A young man is walking along a road when a car travelling at 30mph (48 km/h)
drives past. The side-view mirror strikes his right shoulder and he sustains an
injury to his humerus.
With regards to Image 1.1:
I. Identify the greater tubercle.
II. Identify the lesser tubercle.
III. Identify the anatomical neck of the humerus.
IV. Identify the surgical neck of the humerus.
A radiograph shows a fracture at the site marked on Image 1.1.
V. What nerve is at risk following this type of injury?
VI. What clinical features would be present if the nerve was damaged?
VII. Which nerve runs in the spiral groove of the humerus?
VIII. If a fracture was to injure this nerve, what clinical findings might be
IX. What muscles attach to the coracoid process, and what nerves innervate
X. At what site is the clavicle most commonly fractured?
XI. In which direction are the resultant fragments displaced? Explain your
Correct answer :
I. The greater tubercle is the larger of the two tubercles and lies lateral to the lesser tubercle when the humerus is in the anatomical position; it projects
lateraltotheacromion.It has threefacets, which provideattachmentfor three
of the rotator cuff tendons (supraspinatus, infraspinatus and teres minor).
II. The lesser tubercle is smaller but still prominent. It is the site of attachment of the fourth rotator cuff tendon (subscapularis).
III. The anatomical neck of the humerus follows the articular margins of the
head of the humerus. The capsule of the shoulder joint is attached to
the anatomical neck, except medially and inferiorly where it attaches to the
surgical neck of the humerus.
IV. The poorly defined surgical neck is at the upper end of the shaft of the
V. Fractures through the surgical neck of the humerus are the most
common type of proximal humeral fracture. They are extracapsular and
therefore rarely compromise the blood supply to the head of the humerus.
Fractures of the anatomical neck of the humerus are rare. The axillary
nerve (C5,6) passes immediately behind the surgical neck of the humerus,
where it lies in contact with the bone just below the capsule of the shoulder
joint. Consequently, it is susceptible to injury with fractures of the surgical
neck and with shoulder dislocation.
VI. The axillary nerve is a branch of the posterior cord of the brachial plexus.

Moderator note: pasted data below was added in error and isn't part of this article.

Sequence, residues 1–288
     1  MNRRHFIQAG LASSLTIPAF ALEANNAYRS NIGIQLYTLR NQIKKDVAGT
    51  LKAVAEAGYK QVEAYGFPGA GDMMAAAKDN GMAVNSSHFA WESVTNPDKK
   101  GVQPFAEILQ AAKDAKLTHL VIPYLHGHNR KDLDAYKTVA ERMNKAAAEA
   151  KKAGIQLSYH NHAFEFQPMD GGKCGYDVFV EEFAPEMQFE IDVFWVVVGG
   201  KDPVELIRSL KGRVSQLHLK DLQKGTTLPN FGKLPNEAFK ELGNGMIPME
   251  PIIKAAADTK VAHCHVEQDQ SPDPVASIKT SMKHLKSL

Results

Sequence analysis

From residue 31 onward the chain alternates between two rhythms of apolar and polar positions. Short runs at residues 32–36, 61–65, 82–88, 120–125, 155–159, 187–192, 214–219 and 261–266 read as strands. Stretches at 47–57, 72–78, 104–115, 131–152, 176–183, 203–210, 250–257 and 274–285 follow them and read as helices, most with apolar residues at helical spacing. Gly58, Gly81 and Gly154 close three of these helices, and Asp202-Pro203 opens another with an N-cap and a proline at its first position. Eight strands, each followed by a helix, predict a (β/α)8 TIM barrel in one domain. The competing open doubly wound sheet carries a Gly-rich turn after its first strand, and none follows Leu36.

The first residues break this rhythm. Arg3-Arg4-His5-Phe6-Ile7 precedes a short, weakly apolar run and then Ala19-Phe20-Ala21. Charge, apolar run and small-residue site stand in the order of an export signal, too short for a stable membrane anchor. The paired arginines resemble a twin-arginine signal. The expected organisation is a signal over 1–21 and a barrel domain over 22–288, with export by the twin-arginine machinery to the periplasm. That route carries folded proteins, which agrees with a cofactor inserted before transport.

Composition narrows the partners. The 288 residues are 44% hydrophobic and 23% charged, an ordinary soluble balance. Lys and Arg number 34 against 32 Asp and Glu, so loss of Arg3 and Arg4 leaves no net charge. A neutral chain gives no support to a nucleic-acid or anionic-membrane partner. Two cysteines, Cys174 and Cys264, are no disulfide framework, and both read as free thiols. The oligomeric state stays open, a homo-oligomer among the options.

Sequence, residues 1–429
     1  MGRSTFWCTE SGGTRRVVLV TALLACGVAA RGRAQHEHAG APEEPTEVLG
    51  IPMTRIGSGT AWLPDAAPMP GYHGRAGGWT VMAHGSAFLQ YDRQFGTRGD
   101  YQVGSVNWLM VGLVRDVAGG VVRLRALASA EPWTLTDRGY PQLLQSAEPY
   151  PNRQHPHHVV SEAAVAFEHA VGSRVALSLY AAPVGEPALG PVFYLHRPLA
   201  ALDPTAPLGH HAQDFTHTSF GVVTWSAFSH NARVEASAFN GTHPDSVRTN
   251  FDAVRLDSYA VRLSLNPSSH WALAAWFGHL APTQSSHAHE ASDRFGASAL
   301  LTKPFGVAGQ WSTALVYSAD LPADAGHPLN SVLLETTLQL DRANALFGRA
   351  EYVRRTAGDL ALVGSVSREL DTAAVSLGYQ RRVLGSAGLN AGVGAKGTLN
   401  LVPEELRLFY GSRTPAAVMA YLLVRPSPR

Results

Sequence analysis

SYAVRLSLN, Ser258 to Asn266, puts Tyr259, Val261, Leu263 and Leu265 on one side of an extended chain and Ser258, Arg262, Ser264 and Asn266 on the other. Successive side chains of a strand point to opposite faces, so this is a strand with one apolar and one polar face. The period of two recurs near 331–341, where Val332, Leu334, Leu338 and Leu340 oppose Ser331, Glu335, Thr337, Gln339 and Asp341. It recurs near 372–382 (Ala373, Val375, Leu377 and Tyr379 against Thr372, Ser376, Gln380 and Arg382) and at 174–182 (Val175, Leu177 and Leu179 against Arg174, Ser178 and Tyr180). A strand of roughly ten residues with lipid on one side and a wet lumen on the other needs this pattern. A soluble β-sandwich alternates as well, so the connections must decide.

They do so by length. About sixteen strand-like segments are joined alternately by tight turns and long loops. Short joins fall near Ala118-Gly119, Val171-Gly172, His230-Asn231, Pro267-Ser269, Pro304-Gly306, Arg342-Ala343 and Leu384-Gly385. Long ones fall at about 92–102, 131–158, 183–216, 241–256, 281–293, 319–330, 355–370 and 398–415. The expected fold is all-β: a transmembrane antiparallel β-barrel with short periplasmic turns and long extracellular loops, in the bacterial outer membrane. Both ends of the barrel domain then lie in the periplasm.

It supplies motor innervation to the deltoid and teres minor muscles and
sensory cutaneous supply to the upper lateral arm. Injury to the axillary
nerve may result in the following signs:
• Weakness (and later wasting) of the deltoid muscle, causing a loss of
power during abduction and later ‘flattening’ of the normally rounded
contour of the shoulder.
• Sensory loss on the upper outer aspect of the arm, over the ‘regimental
The main differential diagnosis of an axillary nerve lesion is a C5 nerve
root lesion. With the latter, the normal function of the suprascapular nerve
(C5,6), which supplies the supraspinatus and infraspinatus muscles, will
also be affected.
VII. The radial nerve (C5–8, T1). The radial nerve is the continuation of the
posterior cord of the brachial plexus. It descends posterior to the axillary
artery and enters the spiral (or radial) groove alongside the profunda
brachii artery and its venae comitantes. It passes between the medial and
long head of the triceps muscle and is in contact with the periosteum of
the humerus in the lower part of the spiral groove.
VIII. In a fracture involving the spiral groove, the radial nerve could be
injured, resulting in sensory and motor disturbances. Sensory impairment would be apparent in the territory supplied by the superficial radial
nerve, but due to overlap of cutaneous innervation only a small area of
anaesthesia would be evident, usually over the dorsum of the hand
between the first and second metacarpal bones. This is therefore the
18 Chapter 2: Limbs and vertebral column answers
autonomous zone and so the best area to test for sensory function of the
radial nerve. Knowledge of where the motor branches leave the radial
nerve can be used to predict the site of the lesion. The motor branches to
the long and medial heads of the triceps leave the radial nerve proximal
to the spiral groove; whereas the branch to the lateral head, and a second
branch to the medial head, are generally given off more distally. Consequently, a fracture involving the spiral groove is likely to affect the lateral
head with relative sparing of the long and medial heads. Elbow extension
is weak rather than lost. Brachioradialis function will also be impaired.
Both wrist and finger drop may be evident due to denervation of the
wrist and long finger extensors, extensor pollicis longus and abductor
pollicis longus. The interphalangeal joints of the fingers can still be
extended due to the retained action of the intrinsic muscles of the hand.
IX. Three muscles attach to the coracoid process. They are the:
• biceps brachii, short head (musculocutaneous nerve);
• coracobrachialis (musculocutaneous nerve);
• pectoralis minor (medial and lateral pectoral nerves).
X. The clavicle is the most commonly fractured bone in the body. The
junction between middle and lateral thirds is most commonly fractured
(~75% of all clavicular fractures) for two reasons: (a) the medial twothirds are circular in cross-section whilst the lateral third is flatter; the
junction between the two regions is comparatively weak and also has no
muscular attachments; (b) the powerful coracoclavicular and costoclavicular ligaments stabilise the lateral and medial third of the clavicle,
respectively, and fractures therefore tend to occur between these points.
XI. The medial fragment of bone is elevated superiorly by the unopposed
action of the sternocleidomastoid muscle. The lateral fragment is
depressed by the weight of the arm. The proximal humerus may be pulled
medially by the action of pectoralis major.